We had a great discussion yesterday with the DNA Tie Club on ClubHouse regarding the growth of the LA biotech industry.  Participants in addition to me included real estate developer Ben Pouladian, former SVP at Bench International Karen Fulmer, Arye Lipman, an investor at MarsBio, and Nader Elrashidy from Portal Innovations LLC.

The sentiment seemed to be that LA doesn't need a targeted cluster like La Jolla/Torrey Pines, Kendall Square, or South City to be successful.  Rather, its combination of culture, arts, talent, capital, and low lease rates create a regional strength that should support a few clusters.  While the market hasn't developed to the point where it has focused niches, like Berkeley/Emeryville has in synthetic bio, a med device cluster has developed around Santa Clarita/Valencia with Abbott Labs, Boston Scientific, and Takeda.  As I posted about earlier this week, Cantor Fitzgerald recently paid over $500 a foot for a Boston Scientific's building in that submarket.

In addition to devices, LA has an obvious strength in CAR-T from Kite, and can build off that legacy with Gilead, which has maintained the old Kite office in Mid-City Santa Monica.  Additionally, Culver City-based cell therapy startup Appia Bio raised $52 million earlier this year to advance its CAR-T and CAR-NK biologics.  

Some of the emerging hubs we discussed include Downtown LA, "somewhere" with access to both the West Side and the Amgen Thousand Oaks campus, and Culver City-LAX-El Segundo.  In addition to the NIH Funding and research activity at UCLA, USC, and CalTech, it was pointed out that City of Hope medical center has been active and could end up spinning off more early stage startups east of downtown around Pasadena and Moravia. 

As we've seen life sciences venture funding increasingly spread out beyond Boston, the Bay Area, and San Diego, Los Angeles, which was #5 in VC raised last year after those three and New York, is poised to become a more prominent location for new biotech companies

Tuesday, August 3, 2021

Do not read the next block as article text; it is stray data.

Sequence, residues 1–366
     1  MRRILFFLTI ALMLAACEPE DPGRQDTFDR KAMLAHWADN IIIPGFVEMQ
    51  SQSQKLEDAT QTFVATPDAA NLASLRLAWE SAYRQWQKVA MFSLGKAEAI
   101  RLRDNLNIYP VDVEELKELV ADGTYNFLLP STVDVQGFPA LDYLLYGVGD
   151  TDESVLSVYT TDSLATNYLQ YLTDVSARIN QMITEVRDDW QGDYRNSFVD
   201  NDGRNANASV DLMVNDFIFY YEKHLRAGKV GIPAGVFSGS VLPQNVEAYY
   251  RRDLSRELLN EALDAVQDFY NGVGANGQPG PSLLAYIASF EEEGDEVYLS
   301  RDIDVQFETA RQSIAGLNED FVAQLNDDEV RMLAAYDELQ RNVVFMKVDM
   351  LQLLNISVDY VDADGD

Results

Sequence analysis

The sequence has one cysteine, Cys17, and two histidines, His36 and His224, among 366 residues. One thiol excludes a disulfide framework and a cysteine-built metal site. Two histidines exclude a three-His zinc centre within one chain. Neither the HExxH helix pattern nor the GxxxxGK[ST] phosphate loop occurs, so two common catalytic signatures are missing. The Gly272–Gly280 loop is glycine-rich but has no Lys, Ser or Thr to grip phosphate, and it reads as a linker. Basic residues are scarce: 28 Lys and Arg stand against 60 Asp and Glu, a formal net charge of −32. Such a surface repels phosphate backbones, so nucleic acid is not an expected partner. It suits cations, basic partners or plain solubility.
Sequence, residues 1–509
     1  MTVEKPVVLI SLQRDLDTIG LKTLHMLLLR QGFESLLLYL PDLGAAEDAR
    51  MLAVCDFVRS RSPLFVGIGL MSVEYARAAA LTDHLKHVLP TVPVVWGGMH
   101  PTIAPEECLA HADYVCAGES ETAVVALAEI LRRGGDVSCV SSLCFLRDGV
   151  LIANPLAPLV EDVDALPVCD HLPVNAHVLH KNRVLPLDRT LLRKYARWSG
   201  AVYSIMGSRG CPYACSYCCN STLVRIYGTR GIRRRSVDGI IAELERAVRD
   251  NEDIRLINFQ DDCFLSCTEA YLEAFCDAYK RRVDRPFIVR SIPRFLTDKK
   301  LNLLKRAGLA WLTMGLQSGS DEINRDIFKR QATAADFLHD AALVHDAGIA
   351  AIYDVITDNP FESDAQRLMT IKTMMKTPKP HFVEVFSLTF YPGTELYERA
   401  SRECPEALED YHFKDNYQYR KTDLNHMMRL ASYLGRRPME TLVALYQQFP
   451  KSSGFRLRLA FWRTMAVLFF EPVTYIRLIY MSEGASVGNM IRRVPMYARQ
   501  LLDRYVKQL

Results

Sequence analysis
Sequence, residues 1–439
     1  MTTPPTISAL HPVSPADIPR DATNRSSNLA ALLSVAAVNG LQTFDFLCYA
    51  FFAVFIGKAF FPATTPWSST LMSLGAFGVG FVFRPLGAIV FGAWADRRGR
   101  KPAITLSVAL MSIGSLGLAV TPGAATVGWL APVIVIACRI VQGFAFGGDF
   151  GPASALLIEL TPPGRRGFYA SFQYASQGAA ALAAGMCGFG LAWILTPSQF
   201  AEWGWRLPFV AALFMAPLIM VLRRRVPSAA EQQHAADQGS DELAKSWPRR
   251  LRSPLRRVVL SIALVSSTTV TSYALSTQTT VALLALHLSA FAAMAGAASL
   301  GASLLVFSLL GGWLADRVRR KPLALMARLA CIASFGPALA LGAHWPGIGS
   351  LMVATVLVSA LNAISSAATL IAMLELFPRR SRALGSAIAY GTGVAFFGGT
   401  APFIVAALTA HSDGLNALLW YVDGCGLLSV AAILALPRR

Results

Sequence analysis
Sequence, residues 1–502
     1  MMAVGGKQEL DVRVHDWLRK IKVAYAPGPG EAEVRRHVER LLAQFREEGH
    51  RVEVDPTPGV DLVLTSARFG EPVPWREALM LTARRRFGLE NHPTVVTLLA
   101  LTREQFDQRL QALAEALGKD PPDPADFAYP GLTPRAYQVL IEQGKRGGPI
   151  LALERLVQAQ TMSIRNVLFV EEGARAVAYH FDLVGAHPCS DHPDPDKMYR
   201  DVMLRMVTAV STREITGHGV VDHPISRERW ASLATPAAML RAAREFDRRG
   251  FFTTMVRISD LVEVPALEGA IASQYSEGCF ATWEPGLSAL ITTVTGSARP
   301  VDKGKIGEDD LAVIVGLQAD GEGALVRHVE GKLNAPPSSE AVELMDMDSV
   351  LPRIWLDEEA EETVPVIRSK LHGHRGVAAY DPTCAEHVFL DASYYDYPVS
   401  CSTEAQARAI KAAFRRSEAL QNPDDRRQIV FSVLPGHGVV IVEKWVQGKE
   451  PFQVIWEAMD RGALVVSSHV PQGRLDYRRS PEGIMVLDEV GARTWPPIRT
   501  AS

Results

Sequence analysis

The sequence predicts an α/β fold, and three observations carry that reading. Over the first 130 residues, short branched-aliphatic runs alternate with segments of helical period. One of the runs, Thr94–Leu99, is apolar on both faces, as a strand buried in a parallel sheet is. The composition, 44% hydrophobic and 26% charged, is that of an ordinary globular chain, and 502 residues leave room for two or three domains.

2020 Biotech VC Recap

 By David Gross

I'll be posting a new 2021 YTD VC video soon, but wanted to share the 2020 recap.  

10x Genomics Paying $38 Initial Base Rent in Pleasanton Expansion

 By David Gross

10x Genomics is taking over the area around the 1-580/I-680 junction about 35 miles east of San Francisco, an area that has traditionally been dominated by software developer Workday.  It recently commenced a lease at 6210 Stoneridge Mall Road, a former Workday building, where it will occupy 145,000 square feet with initial lease rates around $38 per square foot, varying slightly by floor.  

10x is also adding space nearby on Springdale Road, and the road connecting those facilities to its existing presence next to the mall will be renamed "Genomics Place" as the City of Pleasanton does all it can to support the growth of its tech employers.

While PeopleSoft (now part of Oracle) and Workday founder Dave Duffield chose to locate there, Pleasanton is not a traditional spot for either tech or biotech.  Its distance from Stanford, Berkeley, and San Francisco has not made it a top choice for tenants trying to attract workers in either industry.  However, its distance from these landmarks has made it much cheaper than other Bay Area locations, allowing 10x to pay rates half of what it would be paying now in South City or elsewhere in the peninsula.  It has also become somewhat of a biomanufacturing destination, with Emeryville-based Gritstone bio leasing its 43,000 square foot production facilities there for just over $10 per foot.